School families asked to prioritize student attendance
School families asked to prioritize student attendance
Posted on 08/29/2016
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WEST HAVEN, Aug. 30, 2016 —The West Haven Public School District is placing a special focus this year on one of the most critical building blocks for student success: school attendance.

Through Superintendent of Schools Neil C. Cavallaro’s new “Here!” Campaign for Attendance, the district hopes to see more kids coming to class every day, on time, and remaining in school until the last bell rings.

“I look forward to seeing all of our students in school every day for their full schedule. I’m urging our school families to make attendance a priority from day one,” Cavallaro said.

The full-year effort will include promoting more awareness of absence, tardy and early dismissal policies, a district-wide contest, social media outreach, support from community partners, and various in-school activities.

While the district’s overall attendance record has been improving over the past few years, it can, and should, be even better, Cavallaro said. Last year, absentee rates in the school system made great strides; chronic absenteeism went down to 10 percent, having been at 17 percent of students the year before.

Families are being reminded that absences, tardies and dismissals all add up. Think about it this way: If a student is absent 10 days a year from kindergarten through graduation, they miss 130 days of school—that’s like missing almost 75 percent of an entire school year.

Youngsters who make good attendance a habit typically see more academic success, exhibit a stronger connection and feeling of belonging with their school community, and develop skills and routines that aid them in making positive decisions as they get older. But those with frequent absences have a higher likelihood of falling behind in academics, may feel less confident in class, and may develop bad habits that impact their schooling for years to come.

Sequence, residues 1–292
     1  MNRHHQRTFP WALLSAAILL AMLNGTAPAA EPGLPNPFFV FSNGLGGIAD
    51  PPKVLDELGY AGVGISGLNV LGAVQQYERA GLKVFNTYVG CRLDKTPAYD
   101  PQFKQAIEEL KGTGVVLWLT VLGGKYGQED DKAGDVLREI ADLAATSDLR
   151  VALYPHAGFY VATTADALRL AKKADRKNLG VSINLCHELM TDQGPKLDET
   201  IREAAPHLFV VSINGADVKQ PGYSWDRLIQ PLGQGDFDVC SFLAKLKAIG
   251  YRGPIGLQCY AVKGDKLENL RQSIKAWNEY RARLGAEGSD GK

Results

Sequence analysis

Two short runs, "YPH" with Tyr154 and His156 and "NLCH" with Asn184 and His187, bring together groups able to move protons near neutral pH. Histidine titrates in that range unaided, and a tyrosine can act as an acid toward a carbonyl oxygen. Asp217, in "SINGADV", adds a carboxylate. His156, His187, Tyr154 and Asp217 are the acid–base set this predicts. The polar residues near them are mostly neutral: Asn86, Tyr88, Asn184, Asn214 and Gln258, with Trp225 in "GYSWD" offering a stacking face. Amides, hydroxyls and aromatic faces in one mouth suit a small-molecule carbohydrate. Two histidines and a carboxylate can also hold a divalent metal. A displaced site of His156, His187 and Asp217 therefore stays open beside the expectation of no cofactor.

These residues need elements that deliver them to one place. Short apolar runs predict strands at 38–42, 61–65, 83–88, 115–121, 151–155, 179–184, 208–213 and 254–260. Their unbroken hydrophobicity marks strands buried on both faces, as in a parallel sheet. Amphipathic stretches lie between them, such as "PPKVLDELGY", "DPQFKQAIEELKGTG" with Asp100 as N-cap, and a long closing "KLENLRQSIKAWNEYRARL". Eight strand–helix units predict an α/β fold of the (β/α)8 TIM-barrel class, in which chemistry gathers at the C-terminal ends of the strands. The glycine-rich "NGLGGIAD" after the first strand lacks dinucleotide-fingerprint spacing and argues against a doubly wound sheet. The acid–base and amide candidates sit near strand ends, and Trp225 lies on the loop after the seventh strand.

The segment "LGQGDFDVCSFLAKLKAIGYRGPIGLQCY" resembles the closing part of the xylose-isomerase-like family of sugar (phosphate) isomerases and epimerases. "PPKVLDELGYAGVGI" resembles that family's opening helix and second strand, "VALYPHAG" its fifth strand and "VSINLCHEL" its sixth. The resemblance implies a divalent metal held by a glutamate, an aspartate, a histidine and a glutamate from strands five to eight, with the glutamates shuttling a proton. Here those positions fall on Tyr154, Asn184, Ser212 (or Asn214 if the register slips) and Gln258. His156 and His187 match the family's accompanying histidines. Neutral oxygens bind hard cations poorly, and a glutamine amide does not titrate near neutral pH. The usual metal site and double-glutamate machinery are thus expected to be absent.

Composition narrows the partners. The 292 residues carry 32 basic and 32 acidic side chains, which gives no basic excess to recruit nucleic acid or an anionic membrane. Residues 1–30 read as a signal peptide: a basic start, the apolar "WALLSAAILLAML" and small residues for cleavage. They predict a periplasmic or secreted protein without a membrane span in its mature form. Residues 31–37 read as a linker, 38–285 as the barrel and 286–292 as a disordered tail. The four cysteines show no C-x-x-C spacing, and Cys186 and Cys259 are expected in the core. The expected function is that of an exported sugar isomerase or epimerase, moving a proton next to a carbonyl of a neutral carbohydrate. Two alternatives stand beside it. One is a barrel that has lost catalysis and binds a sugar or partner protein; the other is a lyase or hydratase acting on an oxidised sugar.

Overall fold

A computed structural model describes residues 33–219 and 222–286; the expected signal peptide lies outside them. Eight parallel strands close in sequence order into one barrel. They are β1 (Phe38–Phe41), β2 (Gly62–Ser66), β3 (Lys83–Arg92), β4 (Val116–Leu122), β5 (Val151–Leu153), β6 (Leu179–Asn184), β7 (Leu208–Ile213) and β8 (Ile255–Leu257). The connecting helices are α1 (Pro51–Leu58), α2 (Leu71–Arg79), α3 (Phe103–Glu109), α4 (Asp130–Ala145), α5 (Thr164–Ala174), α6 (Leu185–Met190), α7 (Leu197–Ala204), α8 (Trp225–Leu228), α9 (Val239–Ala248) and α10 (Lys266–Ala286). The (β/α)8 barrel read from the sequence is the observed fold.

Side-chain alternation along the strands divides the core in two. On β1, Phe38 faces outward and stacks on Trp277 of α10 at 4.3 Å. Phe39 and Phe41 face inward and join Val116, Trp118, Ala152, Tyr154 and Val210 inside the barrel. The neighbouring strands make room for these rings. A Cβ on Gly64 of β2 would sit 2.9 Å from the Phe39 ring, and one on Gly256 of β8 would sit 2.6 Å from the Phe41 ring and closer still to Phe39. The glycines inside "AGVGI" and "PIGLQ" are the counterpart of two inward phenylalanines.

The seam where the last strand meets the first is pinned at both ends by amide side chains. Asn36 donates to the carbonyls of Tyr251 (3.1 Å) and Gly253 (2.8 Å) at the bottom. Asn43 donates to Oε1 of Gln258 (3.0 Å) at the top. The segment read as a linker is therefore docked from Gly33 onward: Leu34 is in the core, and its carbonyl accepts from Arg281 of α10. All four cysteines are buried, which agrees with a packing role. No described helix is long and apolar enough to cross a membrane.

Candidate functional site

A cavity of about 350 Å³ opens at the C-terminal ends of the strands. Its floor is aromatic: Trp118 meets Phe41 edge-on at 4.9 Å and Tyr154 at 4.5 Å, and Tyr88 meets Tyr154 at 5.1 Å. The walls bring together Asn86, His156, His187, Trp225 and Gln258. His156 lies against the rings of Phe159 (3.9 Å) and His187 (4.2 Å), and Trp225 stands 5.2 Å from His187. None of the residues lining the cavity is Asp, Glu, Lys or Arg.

“We’ve been working on expanding our school and extracurricular offerings, as well as support services, but that won’t make a difference unless students are in the buildings. It all starts with attendance,” Cavallaro said. “Of course students should still stay home if they’re sick. But we’re more actively encouraging families to plan trips, routine doctor appointments or other commitments for their children when schools are closed for vacations or once school is done for the day.”

At times, other difficulties can prevent children from getting to school; for example, families who may not have enough clean clothes for their youngsters or who don’t have back-up transportation if a child misses a school bus face additional obstacles. School social workers and principals have been and continue working with families to provide resources or assistance from an outside agency when possible to ensure nothing stands in the way of a child’s education.

Parents, students and staff will be seeing posters advocating for good attendance throughout school hallways, and will be reminded at Open House Nights, Parent Visiting Days and other events that multiple tardies and early dismissals add up to full absences.

Schools will be releasing an attendance “honor roll” of sorts, and issuing students in younger grades “Attendance Ace” cards to receive stamps for every week they have perfect attendance; a certain amount of stamps will make students eligible for prizes. It will also give students a visual to help them track their progress, whether they need to work on their attendance, are improving, or are a role model in that area for their class. Students with perfect attendance or who show the greatest improvement will receive recognition during the year.

The district is hoping its local partners, like the West Haven Public Library and University of New Haven students who volunteer in city schools, can also help drive home the message when they team up with schools and individual classes for various projects during the year.

And through the “Superintendent’s Attendance Challenge,” schools will be competing to have the best attendance record.

“We’re also encouraging parents and guardians to talk with their children about good attendance,” Cavallaro said. “I look forward to working with our schools and children and their families on this important issue throughout the year.”